It marks the inexperienced that he does not believe in coincidence.

Design processes often follow a clear deterministic structure, potentially sacrificing creativity and motivation.
An alternative approach to address this issue is introducing an element of randomness. In this work, randomness is integrated into the traditional design process and explored. Various experiments were conducted, leading to the development of three methods visually represented in stools. This study provides new insights and methods for future designers, encouraging fresh perspectives in the design field.
This work was supported by Werner Baumhakl, Pia Scharf, and Martin Siegrist. And was honored with the BA Award from the Swiss Design Association.

In a series of experiments, an attempt was made to challenge conventional design patterns, with one focusing on naturalistic randomness. Multiple metal casts were created in flowing streams, drawing inspiration from the well-known New Year's tradition of lead casting, where the resulting metal piece supposedly predicts the next year. The fascination with superstitions surrounding randomness led to the sculpting of intriguing forms. Each form captured a randomly determined moment in a water flow, resulting in unique and unrepeatable shapes. This process became a form of documentation of naturalistic randomness, stemming from the reinterpretation of a simple tradition.

Following the experimental phase, I established a scenario with a specific focus on stools. In this context, I developed three methods designed to encourage the interplay between randomness and the designer. The objective is to reintroduce an element of unpredictability into the design process, where not every component is entirely deterministic. These methods serve as a means to foster a more dynamic and less rigid design approach.

The first method is inspired by artificial intelligence, which is gaining significance in the design industry. However, AI is limited in its ability to create genuinely new concepts, relying on existing data and recombining it. In response, the idea is to develop an algorithm influenced by randomness to introduce a genuinely novel component. While algorithms cannot generate true randomness, this can be altered by integrating a random seed component.

Furthermore, the project emphasizes seamless integration into everyday life. The algorithm is intentionally designed to be accessible and understandable for all users.  
The second method relies on pre-existing data or randomly generated patterns extracted using grids. The objective is to facilitate easy application across various projects. This allows for not only large-scale extrusions but also reductions to radii or surface dimensions. In this method, the specific focus is on stools, drawing inspiration from the work of François Morellet and his methods of visualising data in his Work.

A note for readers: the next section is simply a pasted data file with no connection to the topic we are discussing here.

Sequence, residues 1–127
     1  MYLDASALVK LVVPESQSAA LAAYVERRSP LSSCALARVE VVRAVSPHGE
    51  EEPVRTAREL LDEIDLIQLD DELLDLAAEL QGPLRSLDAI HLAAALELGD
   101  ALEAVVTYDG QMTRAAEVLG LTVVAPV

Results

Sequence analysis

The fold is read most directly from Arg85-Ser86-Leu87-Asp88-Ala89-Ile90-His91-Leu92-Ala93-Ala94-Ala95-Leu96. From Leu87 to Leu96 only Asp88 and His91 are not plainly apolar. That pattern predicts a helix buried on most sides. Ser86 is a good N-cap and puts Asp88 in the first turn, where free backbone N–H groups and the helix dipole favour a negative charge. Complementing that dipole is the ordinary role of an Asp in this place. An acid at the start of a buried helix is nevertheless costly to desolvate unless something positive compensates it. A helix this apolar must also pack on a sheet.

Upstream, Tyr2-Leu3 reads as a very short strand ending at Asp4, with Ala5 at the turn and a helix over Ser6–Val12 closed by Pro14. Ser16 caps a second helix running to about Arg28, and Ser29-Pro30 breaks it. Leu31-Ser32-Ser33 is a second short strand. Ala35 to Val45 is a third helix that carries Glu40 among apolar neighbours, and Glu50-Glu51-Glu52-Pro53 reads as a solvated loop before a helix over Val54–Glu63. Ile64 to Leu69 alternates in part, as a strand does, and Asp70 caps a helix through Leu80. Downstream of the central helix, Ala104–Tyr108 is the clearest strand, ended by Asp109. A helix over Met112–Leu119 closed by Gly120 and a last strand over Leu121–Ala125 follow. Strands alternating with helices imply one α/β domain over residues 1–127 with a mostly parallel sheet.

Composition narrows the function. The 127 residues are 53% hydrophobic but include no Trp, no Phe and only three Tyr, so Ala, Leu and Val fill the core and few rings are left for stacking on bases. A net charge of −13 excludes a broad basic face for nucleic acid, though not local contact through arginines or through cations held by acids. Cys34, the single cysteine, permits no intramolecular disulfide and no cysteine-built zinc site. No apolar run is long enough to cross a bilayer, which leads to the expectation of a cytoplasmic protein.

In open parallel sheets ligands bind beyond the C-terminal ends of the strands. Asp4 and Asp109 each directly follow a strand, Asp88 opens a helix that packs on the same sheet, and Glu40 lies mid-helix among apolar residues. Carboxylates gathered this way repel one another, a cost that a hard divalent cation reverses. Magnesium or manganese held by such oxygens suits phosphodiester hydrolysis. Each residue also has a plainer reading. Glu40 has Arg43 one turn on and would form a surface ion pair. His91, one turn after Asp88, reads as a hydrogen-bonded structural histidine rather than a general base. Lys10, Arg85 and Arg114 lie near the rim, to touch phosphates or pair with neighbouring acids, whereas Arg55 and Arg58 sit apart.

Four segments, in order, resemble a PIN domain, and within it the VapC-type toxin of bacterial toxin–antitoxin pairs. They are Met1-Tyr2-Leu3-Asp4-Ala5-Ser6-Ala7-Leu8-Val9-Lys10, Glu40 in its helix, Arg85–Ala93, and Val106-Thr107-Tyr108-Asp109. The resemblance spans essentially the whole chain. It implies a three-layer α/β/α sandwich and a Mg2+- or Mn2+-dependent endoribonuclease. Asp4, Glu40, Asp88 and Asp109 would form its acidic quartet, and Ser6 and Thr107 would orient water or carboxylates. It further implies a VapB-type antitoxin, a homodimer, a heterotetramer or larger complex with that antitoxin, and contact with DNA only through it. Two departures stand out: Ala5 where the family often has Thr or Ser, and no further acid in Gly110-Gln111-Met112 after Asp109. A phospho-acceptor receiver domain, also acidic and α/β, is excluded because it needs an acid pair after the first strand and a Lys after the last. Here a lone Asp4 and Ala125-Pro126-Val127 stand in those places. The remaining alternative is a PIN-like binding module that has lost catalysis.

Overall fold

The third method focuses on the naturalistic randomness approach mentioned earlier, encouraging designers to seek random natural inspirations in their environment. To illustrate this, a small example has been developed. This method serves as a refreshing change in the design routine and is more likely a motivating exercise.

The application of this method involves taking a walk and collecting photos or imprints as sources of inspiration. Specifically relating this to the stool concept, the theme is also connected to the idea of active sitting in nature. The inspiration for this method comes from the Boyle family.

To validate each of the three methods, a stool was implemented for each. The image shows a stool based on the naturalistic method, inspired by stones. Each stool was created within a timeframe of two days, following a rapid prototyping approach. When allowing randomness in design, it's essential not to overthink the process, emphasizing a spontaneous and experimental approach.

The focal point of this work is the resulting book, which meticulously explains all experiments and methods over 200 pages. The book doesn't serve as a comprehensive guide but rather as a form of inspiration on how new components can refresh the design process and break away from familiar aesthetics.
The book is available for reading [here].